Steel bearing piles are an ideal pile solution when foundations are required for complex structures or difficult ground conditions exist. Sheet Piling (UK) Ltd has extensive experience in the design and installation of either Universal Bearing Piles (UBP) or alternative Tubular Piles.
They are ideally suited to hard driving through difficult ground conditions (e.g. silty, fine, water bearing sands containing cobbles and boulders or dense sands/glacial till) and are particularly viable and offer a cost effective solution when founded on rock or a similar hard strata.
Universal Bearing Piles are traditionally installed as bridge abutment foundations on heavy industrial and port developments or indeed any construction application where a high capacity driven pile solutions is acceptable. Bearing piles offer an extremely environmentally responsible solution since they are a low displacement pile which generates no spoils arisings and the can be extracted and reused upon decommissioning of the structure. UBP’s are generally installed using a vibratory hammer with a final drive to level/set using a hydraulic impact hammer.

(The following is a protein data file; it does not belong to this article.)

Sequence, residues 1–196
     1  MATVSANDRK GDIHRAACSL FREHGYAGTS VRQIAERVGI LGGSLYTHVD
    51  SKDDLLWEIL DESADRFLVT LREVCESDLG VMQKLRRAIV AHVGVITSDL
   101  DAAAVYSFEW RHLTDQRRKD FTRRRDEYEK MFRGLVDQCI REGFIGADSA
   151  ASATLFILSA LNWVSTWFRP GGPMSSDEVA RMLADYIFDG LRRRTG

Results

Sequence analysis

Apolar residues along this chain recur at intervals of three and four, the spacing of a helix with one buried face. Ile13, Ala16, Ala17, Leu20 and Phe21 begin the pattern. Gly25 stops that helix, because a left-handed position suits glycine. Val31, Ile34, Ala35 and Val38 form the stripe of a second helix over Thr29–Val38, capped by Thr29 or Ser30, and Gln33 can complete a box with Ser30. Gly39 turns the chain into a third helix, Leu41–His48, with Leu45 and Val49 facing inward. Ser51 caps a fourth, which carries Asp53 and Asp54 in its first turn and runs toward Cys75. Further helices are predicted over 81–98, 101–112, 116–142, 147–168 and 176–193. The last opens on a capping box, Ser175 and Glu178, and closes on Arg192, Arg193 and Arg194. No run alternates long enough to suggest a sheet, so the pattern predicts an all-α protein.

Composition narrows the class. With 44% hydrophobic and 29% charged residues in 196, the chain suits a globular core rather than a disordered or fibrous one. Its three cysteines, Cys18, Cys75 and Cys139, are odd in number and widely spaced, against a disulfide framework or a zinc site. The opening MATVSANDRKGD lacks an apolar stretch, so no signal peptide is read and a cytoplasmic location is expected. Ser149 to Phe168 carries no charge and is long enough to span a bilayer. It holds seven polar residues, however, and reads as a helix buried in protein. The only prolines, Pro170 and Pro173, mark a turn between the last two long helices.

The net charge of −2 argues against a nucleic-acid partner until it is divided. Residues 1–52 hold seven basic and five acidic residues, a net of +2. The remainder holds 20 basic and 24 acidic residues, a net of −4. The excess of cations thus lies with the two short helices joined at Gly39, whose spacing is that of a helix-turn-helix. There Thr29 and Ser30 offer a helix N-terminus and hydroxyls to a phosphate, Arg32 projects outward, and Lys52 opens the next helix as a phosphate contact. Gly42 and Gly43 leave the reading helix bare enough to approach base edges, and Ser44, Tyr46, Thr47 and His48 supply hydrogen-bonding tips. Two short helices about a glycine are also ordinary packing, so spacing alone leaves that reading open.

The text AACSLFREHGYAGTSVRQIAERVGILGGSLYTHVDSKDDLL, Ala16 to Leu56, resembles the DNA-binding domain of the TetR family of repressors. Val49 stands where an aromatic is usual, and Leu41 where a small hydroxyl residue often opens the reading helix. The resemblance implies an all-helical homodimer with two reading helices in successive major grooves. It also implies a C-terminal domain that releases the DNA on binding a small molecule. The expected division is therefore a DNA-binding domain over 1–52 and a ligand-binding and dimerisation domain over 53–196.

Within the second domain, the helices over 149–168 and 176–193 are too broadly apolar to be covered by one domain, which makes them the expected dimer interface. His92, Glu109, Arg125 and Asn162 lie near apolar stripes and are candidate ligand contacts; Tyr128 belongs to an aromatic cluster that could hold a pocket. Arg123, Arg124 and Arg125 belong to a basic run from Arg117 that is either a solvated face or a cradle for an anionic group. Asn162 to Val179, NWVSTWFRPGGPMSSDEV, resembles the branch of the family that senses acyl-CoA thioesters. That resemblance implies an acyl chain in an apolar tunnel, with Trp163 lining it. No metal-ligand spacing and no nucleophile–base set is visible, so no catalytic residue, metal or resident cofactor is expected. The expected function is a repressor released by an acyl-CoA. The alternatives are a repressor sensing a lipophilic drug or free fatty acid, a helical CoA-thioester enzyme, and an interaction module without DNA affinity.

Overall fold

Once installed, the bearing piles can be tested using ‘non-destructive’ pile testing methods to verify pile design axial capacity resistance has been achieved thus allowing immediate commencement of remaining foundation/substructure works.
Universal Bearing Piles are also used in ‘King Post’ or ‘Berlin Wall’ retaining wall solutions. Suitable in hard soil or bedrock conditions, a ‘King Post’ wall is formed by drilling a hole at defined centres, filling it with concrete and installing a UBP/UC section between which timber sleepers or concrete/steel panels can be installed in the steel section webs.
Sheet Piling (UK) Ltd are able to offer the following Universal Bearing Pile Sections:
- 203 x 203 x 45/54
- 254 x 254 x 63/71/85
- 305 x 305 x 79/88/95/110/126/149/186/223
- 356 x 368 x 109/133/152/174
All Universal Bearing Piles are rolled to BS4-1:2005 and are available in Grade S355-JR to BSEN10025:Pt2:2004.